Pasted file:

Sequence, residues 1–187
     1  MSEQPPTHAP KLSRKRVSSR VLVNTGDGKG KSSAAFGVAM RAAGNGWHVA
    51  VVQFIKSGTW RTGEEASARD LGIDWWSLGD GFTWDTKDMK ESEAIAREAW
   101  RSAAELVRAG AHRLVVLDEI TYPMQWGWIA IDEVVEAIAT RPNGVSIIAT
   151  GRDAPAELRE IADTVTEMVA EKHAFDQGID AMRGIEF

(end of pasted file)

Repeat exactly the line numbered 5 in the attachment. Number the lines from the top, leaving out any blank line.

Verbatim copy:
   151  GRDAPAELRE IADTVTEMVA EKHAFDQGID AMRGIEF